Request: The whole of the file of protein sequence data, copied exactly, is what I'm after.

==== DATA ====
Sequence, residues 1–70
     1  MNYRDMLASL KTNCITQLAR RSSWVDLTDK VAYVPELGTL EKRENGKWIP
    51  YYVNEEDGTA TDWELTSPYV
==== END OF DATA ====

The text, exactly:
Sequence, residues 1–70
     1  MNYRDMLASL KTNCITQLAR RSSWVDLTDK VAYVPELGTL EKRENGKWIP
    51  YYVNEEDGTA TDWELTSPYV